I like this stuff.  You should too!


I loves me some movies. I love great acting. A sharp, clever script. A beautifully composed camera shot. Directors who can draw out performances from their cast that no one imagined possible. There are so many elements that go into making a great movie. And one of those is a great score.

The importance of a great musical score in a film was first illustrated for me by John Williams’ collaborations with Spielberg, Lucas and Donner.  He created main title themes that will NEVER be forgotten. ET. Superman. Indy. Vader. The Jurassic Park T-Rex. You know them when you hear them.  In the early 90’s, I had the scores to Dances With Wolves and Last of the Mohicans on heavy rotation in my car CD player.  In fact, it was the latter that was in the player one of the three times a stereo was stolen from my vehicle.

Now, it doesn’t have to be a score by a composer like Mr. Williams or James Newton Howard who has done fine work on Chris Nolan’s Batman movies. Sometimes, the soundtrack can be a collection of songs by a singular artist, perhaps written for the film. Aimee Mann’s collection of songs for PT Anderson’s Magnolia comes to mind.

I don’t buy much popular music but of late I’ve been picking up some soundtracks. I took advantage of my President’s Day holiday to check out Cheapo Discs here in Austin. They have a great selection of used soundtracks and I was able to pick up the scores to Luc Besson’s The Big Blue and Korean monster movie The Host. I also picked up the classic Ennio Morricone score for The Mission and Peter Gabriel’s work for The Last Temptation of Christ. I’ve got some good listening ahead of me.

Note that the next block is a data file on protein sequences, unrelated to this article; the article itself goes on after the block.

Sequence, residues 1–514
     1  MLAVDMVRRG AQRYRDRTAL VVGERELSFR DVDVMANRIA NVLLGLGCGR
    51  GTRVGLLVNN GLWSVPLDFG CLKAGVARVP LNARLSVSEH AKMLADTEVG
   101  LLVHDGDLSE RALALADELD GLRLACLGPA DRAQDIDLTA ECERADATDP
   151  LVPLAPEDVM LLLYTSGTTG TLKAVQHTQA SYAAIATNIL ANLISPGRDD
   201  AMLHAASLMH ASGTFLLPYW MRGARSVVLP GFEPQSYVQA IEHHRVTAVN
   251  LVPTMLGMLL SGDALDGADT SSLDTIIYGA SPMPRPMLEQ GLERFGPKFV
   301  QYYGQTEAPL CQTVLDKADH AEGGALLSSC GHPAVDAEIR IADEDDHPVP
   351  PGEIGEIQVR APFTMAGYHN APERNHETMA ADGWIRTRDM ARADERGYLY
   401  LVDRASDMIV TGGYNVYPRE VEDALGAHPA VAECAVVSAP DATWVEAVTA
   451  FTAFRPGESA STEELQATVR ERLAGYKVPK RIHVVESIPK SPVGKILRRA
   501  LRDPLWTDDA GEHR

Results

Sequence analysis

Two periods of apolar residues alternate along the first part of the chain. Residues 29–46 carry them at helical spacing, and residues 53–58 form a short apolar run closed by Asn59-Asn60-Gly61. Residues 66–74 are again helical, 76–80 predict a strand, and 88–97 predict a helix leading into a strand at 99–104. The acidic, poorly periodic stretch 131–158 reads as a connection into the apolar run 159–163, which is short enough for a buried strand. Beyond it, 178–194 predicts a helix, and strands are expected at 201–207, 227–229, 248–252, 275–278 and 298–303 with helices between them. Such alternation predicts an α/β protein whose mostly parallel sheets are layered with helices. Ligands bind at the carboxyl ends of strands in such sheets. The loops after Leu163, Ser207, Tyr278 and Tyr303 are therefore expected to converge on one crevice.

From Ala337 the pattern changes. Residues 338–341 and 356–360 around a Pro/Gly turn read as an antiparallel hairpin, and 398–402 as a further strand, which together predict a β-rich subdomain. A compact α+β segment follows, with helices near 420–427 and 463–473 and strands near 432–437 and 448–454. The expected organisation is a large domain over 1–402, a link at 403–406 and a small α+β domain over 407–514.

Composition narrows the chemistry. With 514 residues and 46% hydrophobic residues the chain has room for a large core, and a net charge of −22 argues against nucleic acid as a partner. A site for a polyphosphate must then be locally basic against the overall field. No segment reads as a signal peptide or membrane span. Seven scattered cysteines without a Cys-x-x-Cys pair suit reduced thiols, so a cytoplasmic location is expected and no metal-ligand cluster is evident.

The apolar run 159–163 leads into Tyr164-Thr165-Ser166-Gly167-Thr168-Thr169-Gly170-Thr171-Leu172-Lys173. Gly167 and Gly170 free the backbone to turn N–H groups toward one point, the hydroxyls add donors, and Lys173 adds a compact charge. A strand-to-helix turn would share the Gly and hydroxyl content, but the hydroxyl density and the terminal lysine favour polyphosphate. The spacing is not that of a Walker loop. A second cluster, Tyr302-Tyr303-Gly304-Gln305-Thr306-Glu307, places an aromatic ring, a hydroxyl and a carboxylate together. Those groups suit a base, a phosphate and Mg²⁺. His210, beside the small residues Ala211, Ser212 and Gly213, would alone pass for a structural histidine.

The Iron Sheik

A semi-retired professional wrestler who came to fame in the early 80s as the foreign villain to Hulk Hogan’s Real American hero. 

Quick wrestling history lesson: 

The Sheik was the WWF Champion who one month earlier had defeated the popular but doughy goody two-shoes Bob Backlund, holder of the title for the previous 6 years.  Vince McMahon had decided to put the belt on Hogan but couldn’t have two good guys face each other.  So, he built up the Sheik as a rabidly Anti-American Iranian zealot who would come to the ring waving the Iranian flag and incensing the hometown crowd.  This is known as building cheap heat.  Hogan had been groomed to become the face of the company and on a fateful January afternoon in Madison Square Garden, Hulkamania was born.  The Sheik went on the varying degrees of success in the WWF and other organizations while Hogan went on to become the face of professional wrestling in the 80’s and later the narcissistic, leathery old bastard who refuses to give up the ghost that he is today.

Now, The Iron Sheik makes the occasional nostalgic non-wrestling appearance on WWE programming and was inducted into the organization’s Hall of Fame in 2005.  He is notorious for his vehement and vitriolic condemnation of Hulk Hogan, whom it would appear the man legitimately hates.  Now, he has a Twitter account.  And it is glorious.  He rants against the likes of former wrestlers Hogan, Tito Santana, Virgil and The Ultimate Warrior and current celebrities like Chris Brown and whatever sap is on The Bachelor.  He praises the beauty of Giselle Bundchen and Rhianna.  He threatens to perform something in the “old country way” upon those he deems inferior.  I don’t really know what the “old country way” is but I have strong suspicions as to what it may involve.  And, I’m pretty sure I wouldn’t want to experience it.

Fair warning, The Sheikie is an equal opportunity offender but if you think you can handle it and you want a good chuckle, I highly recommend you follow him:  @the_ironsheik.


It’s a chocolate hazelnut spread.  Says so right there on the container.  This delightful concoction was created in Italy in the early 60’s and eventually made its way overseas.  It can now be found in over 75 countries.  It’s good.  Seriously.  I would not lie.  Well, I would.  But not about food.  Never about food.  Yummy.


Mary Elizabeth Winstead

This young lady first came to my attention as the cheerleader who gets left behind, missing out on all the Kurt Russell ass-stomping in Tarantino’s portion of Grindhouse, Death Proof.

She next appeared as John McClane’s daughter in Live Free or Die Hard and as Ramona in Scott Pilgrim vs The World. She was delightful in the former and the only tolerable thing about the latter.